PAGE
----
Verrucae are lesions on the foot, they are benign tumours caused by the Human Papilloma Virus (HPV). They are often contracted at swimming pools and changing rooms. Infection occurs when skin is broken. The virus invades skin cells and incubates, usually for many weeks or months. It then causes overproduction of skin cells as it replicates, resulting in a `warty` appearance.
There is no definite cure for verruca, however with the current evidence growing verruca needling is a safe and effective treatment. There is evidence that it works in over 67-69% of cases which is higher than any other verruca treatment. It may be necessary to repeat the procedure 10-16 weeks after the initial procedure.
Verruca needling is performed under local anaesthetic with three or four injections around the ankle to ensure the foot is completely numb before proceeding. Having established that the area to be treated has been completely anaesthetised a hypodermic needle is used to repeatedly puncture the verruca. This pushes verruca tissue from the epidermis through into the dermis and underlying adipose tissue layer triggering a localised cell-mediated response, which can stimulate the immune system to recognise and destroy the virus.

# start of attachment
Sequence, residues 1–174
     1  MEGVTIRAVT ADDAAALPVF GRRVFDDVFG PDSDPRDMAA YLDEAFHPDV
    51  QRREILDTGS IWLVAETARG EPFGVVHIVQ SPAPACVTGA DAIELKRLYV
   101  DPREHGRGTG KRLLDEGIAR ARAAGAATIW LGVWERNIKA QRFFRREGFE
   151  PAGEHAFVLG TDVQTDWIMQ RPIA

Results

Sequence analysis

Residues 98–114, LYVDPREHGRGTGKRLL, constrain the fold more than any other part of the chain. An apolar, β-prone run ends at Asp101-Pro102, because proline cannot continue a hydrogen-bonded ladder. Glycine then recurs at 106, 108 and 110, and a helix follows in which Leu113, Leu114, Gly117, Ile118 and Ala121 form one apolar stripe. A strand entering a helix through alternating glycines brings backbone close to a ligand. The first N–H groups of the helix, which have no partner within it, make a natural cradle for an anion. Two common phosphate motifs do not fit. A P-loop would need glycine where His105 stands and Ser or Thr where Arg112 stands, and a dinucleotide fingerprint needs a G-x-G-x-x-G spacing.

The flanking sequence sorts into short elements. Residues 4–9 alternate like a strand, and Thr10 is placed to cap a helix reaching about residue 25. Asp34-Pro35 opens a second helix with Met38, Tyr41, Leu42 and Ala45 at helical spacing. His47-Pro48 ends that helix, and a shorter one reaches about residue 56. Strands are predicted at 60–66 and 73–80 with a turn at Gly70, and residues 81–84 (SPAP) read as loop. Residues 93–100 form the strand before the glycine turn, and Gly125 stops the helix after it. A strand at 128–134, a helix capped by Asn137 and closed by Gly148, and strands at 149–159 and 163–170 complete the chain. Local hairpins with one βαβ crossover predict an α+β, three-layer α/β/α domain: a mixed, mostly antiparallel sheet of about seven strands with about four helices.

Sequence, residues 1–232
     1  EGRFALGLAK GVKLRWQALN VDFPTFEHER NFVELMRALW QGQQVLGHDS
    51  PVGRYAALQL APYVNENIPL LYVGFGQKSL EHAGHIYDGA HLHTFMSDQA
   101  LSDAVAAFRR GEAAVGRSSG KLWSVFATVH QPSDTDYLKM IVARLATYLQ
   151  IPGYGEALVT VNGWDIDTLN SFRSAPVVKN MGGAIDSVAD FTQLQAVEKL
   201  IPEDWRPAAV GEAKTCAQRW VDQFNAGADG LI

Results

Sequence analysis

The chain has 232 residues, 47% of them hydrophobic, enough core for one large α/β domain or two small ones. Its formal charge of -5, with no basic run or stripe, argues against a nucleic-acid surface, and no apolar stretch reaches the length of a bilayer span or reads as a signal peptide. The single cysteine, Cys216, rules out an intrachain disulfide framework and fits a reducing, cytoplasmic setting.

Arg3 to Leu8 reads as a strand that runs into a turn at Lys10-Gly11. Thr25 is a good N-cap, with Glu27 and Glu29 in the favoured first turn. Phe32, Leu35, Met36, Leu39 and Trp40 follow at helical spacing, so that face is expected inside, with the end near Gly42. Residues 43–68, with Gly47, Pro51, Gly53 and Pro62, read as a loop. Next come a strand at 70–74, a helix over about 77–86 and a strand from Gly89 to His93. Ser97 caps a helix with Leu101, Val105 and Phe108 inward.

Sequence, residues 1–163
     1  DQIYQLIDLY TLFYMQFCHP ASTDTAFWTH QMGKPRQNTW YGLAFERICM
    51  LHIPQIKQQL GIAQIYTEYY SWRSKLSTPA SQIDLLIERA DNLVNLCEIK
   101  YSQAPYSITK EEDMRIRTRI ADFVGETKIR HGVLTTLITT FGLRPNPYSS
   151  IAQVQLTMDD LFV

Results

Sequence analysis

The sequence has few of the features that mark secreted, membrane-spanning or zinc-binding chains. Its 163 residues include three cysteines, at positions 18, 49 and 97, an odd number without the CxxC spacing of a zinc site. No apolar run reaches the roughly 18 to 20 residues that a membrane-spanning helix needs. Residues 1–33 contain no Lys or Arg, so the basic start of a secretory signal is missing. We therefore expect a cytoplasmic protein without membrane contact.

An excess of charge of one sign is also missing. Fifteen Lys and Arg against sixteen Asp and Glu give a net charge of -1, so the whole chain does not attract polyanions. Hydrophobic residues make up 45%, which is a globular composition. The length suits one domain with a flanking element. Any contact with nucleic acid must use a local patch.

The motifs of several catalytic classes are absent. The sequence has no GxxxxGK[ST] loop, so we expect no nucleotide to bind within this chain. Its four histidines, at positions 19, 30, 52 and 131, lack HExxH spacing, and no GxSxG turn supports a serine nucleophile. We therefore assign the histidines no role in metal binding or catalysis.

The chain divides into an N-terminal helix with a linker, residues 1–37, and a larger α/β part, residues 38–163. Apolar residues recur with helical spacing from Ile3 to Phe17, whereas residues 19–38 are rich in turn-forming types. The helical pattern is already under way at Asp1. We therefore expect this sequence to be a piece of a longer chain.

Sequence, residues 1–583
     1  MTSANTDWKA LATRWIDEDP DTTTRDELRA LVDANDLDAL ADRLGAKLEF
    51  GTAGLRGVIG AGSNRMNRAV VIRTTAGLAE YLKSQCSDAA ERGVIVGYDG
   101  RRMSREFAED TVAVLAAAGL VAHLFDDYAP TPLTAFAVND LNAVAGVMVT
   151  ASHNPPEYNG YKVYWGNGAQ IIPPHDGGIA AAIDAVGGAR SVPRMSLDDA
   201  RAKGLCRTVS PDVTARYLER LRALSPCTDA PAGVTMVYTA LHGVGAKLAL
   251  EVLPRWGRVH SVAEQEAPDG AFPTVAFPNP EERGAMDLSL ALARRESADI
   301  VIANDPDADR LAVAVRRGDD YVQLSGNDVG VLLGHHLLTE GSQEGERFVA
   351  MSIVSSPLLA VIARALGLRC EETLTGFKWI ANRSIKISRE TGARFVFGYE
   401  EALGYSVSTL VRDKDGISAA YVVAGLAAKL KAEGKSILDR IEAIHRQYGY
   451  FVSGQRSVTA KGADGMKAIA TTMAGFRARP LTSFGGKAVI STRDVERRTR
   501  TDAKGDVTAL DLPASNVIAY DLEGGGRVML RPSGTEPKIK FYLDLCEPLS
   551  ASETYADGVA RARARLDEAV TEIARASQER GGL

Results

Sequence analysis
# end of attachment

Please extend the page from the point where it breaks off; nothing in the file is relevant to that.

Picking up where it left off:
Important information for the day of the dry needling:
- You are allowed to eat before dry needling.
- The dressing applied following dry needling is not bulky and so no particular type of shoe need be worn.
- Make arrangements for getting a lift home with someone, as you will not be covered by your car insurance to drive for 12 hours.
- You will be expected to change the dressing a couple of times in the first week.
- You should not require any time off work.
- For the first couple of days keep walking to a minimum and avoid running altogether.
- It is advisable when you get home to rest with your feet elevated for the first 2 hours – this helps the blood to clot and promotes healing.
- Painkillers may be necessary initially as the anaesthetic wears off, however avoid Aspirin- based products.